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Australians visiting the USA - differences in food

Updated on September 26, 2012

Okay so there's a lot of food in the United States that any Aussie visitor just has to try. New York pizza, southern BBQ, New England clam chowder. Aussies know good food and they know what they like. But what happens when you don't actually know what the food is. What if Americans call it something else? What if it looks kind of like how you know it, but not exactly the same. Hopefully this will help!

Of course there are some differences when it comes to food in the US. And I'm not just talked about food, drinks can be a little different too. So how do you know what you're about to consume? Read on!


Well first up, the name itself. Aussies don't call it candy, we call it lollies. And that only really applies to the non-chocolate type, ie. mints or jelly beans. Chocolate is just chocolate.

So what about the different varieties...

Milky Way (USA) = Chocolate covered smooth caramel (Australia)

Three Musketeers (USA) = Milky Way (Australia)

Smarties (USA) = Fruit flavoured tablet lolly, kind of like the ones you get on a necklace (Australia)

Mounds (USA) = Bounty (Australia)

York Peppermint Pattie (USA) = Mint Pattie

Nonpareils (USA) = Freckles (Australia)

Whoppers (USA) = Maltesers (Australia)

Cotton candy (USA) = Fairyfloss (Australia)


Bell pepper (USA) = Capsicum (Australia)

Winter squash (USA) = Pumpkin (Australia)

Papaya (USA) = Pawpaw (Australia)

Summer squash (USA) = Squash (Australia)

Cilantro (USA) = Coriander (Australia)

Arugula (USA) = Rocket (Australia)

Beets (USA) = Beetroot (Australia)

Garbanzo bean (USA) = Chickpea (Australia)

Romaine lettuce (USA) = Cos lettuce (Australia)


Sausage (USA) = seasoned, grounded beef (Australia) *sometimes it has the same meaning as in Australia, but not always)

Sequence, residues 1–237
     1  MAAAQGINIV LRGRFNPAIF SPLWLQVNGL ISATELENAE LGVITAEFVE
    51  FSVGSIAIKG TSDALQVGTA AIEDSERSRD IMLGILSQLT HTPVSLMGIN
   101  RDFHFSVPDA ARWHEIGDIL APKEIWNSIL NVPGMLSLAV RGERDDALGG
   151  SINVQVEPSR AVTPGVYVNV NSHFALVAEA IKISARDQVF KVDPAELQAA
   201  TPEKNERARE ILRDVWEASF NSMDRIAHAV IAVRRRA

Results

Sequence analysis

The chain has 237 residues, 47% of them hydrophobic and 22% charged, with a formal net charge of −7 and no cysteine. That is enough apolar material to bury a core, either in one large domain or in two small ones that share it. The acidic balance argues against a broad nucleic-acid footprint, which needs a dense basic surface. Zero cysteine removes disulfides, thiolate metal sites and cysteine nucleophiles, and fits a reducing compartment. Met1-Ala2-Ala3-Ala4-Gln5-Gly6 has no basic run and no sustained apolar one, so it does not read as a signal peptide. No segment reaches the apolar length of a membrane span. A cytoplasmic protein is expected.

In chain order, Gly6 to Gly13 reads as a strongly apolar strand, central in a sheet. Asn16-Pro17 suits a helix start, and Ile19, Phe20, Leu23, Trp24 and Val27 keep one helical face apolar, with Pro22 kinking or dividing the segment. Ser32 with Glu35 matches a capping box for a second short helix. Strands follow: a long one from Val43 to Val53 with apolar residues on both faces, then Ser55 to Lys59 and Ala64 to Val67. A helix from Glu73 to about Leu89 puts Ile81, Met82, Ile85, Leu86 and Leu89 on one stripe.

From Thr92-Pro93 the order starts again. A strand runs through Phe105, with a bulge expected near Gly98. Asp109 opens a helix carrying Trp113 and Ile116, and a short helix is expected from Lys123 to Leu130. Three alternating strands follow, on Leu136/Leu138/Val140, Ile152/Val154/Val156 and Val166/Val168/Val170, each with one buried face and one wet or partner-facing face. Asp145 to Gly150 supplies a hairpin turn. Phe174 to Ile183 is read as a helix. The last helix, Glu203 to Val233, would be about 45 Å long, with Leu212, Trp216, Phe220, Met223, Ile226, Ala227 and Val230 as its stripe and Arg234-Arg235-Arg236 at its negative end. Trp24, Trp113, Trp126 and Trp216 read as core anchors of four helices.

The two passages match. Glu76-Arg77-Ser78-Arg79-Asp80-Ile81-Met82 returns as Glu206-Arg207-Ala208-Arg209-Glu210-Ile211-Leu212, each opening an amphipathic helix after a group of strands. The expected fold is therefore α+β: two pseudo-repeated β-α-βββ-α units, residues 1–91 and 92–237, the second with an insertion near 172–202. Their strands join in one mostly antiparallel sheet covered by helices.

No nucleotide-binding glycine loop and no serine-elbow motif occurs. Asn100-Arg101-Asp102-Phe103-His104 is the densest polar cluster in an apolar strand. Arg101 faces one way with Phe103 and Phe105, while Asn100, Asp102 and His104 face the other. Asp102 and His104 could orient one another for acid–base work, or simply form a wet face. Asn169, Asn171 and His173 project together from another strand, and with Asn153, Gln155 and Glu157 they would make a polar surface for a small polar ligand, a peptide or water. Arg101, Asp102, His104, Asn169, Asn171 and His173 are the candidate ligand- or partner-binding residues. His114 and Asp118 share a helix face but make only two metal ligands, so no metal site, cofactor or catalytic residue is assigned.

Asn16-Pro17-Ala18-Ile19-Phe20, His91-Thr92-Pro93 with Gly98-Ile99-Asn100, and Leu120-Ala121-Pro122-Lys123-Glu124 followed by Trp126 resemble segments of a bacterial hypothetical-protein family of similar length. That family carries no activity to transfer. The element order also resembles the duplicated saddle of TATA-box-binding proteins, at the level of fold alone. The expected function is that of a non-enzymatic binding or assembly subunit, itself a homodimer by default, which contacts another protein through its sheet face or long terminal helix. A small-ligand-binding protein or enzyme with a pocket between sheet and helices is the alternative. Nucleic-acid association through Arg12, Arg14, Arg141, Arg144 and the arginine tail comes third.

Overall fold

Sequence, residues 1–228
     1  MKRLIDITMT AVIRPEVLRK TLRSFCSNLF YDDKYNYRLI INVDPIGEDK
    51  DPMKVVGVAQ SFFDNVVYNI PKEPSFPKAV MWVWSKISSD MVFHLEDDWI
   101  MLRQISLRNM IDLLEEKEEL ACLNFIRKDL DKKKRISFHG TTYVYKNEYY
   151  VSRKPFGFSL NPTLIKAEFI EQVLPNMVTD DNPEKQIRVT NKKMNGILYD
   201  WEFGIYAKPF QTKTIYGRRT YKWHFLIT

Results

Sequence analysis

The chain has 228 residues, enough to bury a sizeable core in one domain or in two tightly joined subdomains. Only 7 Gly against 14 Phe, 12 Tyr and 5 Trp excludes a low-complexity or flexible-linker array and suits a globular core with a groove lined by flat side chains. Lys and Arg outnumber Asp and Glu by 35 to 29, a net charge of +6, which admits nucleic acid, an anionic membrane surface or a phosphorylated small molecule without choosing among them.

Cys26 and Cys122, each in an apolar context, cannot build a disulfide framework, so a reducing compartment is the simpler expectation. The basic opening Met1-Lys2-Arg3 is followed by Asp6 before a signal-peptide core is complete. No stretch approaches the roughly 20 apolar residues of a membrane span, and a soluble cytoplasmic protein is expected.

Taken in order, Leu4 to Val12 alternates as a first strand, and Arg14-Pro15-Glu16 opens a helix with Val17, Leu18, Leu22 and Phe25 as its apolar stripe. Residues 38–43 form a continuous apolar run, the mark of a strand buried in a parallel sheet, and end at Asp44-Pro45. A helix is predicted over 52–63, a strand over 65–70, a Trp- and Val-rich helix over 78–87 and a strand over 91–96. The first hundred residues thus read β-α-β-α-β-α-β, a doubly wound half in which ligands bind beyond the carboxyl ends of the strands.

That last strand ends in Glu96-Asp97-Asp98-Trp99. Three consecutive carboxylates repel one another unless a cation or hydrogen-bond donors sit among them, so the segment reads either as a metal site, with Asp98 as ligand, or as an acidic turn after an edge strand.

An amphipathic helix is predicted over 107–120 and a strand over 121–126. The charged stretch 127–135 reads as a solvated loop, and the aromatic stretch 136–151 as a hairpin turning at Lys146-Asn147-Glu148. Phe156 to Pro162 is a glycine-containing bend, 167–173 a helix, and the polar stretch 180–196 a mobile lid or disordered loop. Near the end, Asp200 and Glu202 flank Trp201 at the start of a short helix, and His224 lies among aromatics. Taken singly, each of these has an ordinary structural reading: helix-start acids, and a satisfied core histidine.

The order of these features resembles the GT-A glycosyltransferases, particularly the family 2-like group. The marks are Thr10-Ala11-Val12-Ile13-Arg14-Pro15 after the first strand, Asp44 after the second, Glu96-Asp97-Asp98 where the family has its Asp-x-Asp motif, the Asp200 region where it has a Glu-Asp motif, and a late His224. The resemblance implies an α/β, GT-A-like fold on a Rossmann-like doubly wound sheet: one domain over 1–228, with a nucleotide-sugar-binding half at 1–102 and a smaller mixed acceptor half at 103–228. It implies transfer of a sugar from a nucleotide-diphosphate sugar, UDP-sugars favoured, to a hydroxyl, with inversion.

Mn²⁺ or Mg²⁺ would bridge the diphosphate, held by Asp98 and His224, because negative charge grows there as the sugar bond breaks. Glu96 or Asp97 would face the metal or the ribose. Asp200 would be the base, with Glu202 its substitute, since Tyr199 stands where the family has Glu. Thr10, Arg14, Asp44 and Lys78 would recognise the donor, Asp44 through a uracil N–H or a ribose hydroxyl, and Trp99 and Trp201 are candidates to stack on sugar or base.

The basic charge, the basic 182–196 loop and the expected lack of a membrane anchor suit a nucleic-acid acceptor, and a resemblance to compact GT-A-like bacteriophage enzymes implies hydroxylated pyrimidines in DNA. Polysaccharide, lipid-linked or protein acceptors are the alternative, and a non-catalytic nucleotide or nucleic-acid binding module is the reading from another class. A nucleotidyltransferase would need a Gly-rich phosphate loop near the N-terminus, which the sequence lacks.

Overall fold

Franks/wieners (USA) = Sausage (Australia)

Grounded meat (USA) = Minced meat (Australia)

Bologna (USA) = Devon or luncheon meat (Australia)

Corn dog (USA) = Dagwood dog/pluto pup (Australia)


One other main difference when it comes to meat, is how it is cooked, especially outside. In the US, they would say they are going to 'grill'. Australians would say 'BBQ'. Americans refer to 'BBQ' as the very Southern way of cooking ribs, pulled pork, brisket etc. 'Grill' to Aussies is putting food underneath the grill in the oven. Americans call that process 'broiling'. Yes - it's confusing!


Light beer (USA) = Low calorie beer (Australia) *note, Australian light beer, otherwise known as less alcoholic beer, doesn't exist in the USA!

Crystal Light (USA) = Cordial (Australia) *America doesn't really have cordial, but this is the closest

Root beer (USA) = Sarsaparilla (Australia)

Cafe au lait (USA) = Flat white (Australia)

Americano (USA) = Long black (Australia)

Lemonade (USA) = Yellow soft drink ie. Lift (Australia)

Sprite etc (USA) = Lemonade (Australia)


Cookie (USA) = Biscuit (Australia)

Biscuit (USA) = Cross between a scone and an English muffin (Australia)

Wholewheat bread (USA) = Brown/wholegrain bread (Australia)

Fries (USA) = Chips (Australia)

Chips (USA) = Chips/crisps (Australia)

Jelly (USA) = Jam (Australia)

Jello (USA) = Jelly (Australia)

Ketchup (USA) = Tomato sauce (Australia)

Tomato sauce (USA) = Salsa or relish (Australia)

I hope that helps. It will take some getting used to and you will definitely get some stares/blank looks if you ask for the wrong/different thing, but you'll get there in the end!


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    • Karon Dawson profile image

      Karon Dawson 5 years ago

      Thanks for the advice, at least I'll know what to buy/order next time I'm in USA, especially when ordering an arugula salad with my pizza!